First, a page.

Daimler slashes its dividend following third profit warning

FILE PHOTO: The Daimler AG sign with raindrops is pictured before the company’s annual news conference in Stuttgart, Germany, February 4, 2016. REUTERS/Michaela Rehle/File Photo

STUTTGART, Germany (Reuters) – Daimler (DAIGn.DE) cut its dividend on Tuesday to 0.90 euros ($0.98) a share after 2019 earnings more than halved, weighed down by restructuring and legal charges in what amounts to the third profit warning for new Chief Executive Ola Kaellenius.

The German carmaker cut its dividend proposal from 3.25 euros a share in 2018.

Daimler said its net profit fell to 2.7 billion euros, down from 7.6 billion euros in the year earlier, despite record deliveries of Mercedes cars that saw the brand retain its title as the world’s top-selling premium automaker.

The Stuttgart-based carmaker said it would seek to cut administrative and personnel costs by more than 1.4 billion euros by the end of 2022 to help offset expenses from legal proceedings and investments in new technologies.

Daimler said it had booked charges of 4.2 billion euros related to diesel probes and legal proceedings, as well as 828 million euros in restructuring expenses in its vans division, after Mercedes scrapped its X-Class pickup truck.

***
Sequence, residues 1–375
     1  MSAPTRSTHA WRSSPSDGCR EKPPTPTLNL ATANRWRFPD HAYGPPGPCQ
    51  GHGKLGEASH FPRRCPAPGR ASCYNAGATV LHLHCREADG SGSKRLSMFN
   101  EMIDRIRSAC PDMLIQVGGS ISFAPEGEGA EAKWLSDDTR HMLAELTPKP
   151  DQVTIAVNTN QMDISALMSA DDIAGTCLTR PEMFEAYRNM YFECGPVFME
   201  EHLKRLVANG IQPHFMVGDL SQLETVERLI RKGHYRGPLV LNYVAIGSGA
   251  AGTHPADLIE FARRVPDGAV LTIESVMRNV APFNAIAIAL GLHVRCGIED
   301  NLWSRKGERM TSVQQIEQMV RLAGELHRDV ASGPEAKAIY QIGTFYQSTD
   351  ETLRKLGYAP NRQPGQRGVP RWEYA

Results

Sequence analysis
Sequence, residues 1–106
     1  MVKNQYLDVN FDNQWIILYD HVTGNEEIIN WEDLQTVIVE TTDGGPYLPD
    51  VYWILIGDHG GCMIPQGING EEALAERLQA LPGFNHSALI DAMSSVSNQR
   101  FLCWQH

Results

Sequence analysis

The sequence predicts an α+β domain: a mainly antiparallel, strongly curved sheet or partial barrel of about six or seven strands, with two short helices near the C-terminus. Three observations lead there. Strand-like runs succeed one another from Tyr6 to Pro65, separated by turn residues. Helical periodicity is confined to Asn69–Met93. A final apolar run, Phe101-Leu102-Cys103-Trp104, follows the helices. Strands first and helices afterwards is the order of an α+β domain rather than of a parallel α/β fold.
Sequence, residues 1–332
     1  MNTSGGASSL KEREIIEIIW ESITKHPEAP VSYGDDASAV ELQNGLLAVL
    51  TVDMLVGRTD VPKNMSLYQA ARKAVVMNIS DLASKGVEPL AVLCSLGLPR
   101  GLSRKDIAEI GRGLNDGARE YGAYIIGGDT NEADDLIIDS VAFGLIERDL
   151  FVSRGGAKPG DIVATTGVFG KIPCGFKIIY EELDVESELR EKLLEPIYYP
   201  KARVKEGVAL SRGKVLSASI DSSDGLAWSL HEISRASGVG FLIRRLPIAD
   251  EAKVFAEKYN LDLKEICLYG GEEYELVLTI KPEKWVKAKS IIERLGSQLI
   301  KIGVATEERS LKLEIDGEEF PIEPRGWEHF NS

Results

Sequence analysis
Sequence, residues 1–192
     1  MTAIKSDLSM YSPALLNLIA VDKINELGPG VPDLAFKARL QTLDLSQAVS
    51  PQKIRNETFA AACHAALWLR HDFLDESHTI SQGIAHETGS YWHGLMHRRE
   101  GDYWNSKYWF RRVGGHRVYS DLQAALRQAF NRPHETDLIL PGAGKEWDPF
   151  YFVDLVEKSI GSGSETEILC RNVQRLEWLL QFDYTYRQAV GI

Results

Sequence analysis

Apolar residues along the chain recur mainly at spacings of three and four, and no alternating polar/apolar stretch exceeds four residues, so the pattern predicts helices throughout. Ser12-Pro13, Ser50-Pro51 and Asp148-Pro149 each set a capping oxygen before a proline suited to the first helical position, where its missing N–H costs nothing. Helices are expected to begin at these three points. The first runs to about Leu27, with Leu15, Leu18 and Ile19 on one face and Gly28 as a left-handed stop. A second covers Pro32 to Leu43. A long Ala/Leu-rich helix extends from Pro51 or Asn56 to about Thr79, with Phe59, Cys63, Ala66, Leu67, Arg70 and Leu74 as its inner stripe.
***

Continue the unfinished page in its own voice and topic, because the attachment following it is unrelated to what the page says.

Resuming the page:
A further 405 million in charges hit earnings after Daimler restructured its mobility services unit, the carmaker said.

Earnings before interest and taxes (EBIT) dropped to 4.3 billion euros from 11.1 billion in 2018. Net profit dropped to 2.7 billion euros from 7.6 billion euros in the same period a year earlier.

Mercedes-Benz will launch an electric A-Class and an electric van this year, keeping investments into property, plants and equipment and research and development expenses at roughly the same level the previous year, Daimler said.

“Our goal is to ensure solid net liquidity to protect the necessary investments, and at the same time to pay attractive dividends,” Chief Financial Officer Harald Wilhelm said.

Reporting by Edward Taylor; Editing by Michelle Martin and Edmund Blair

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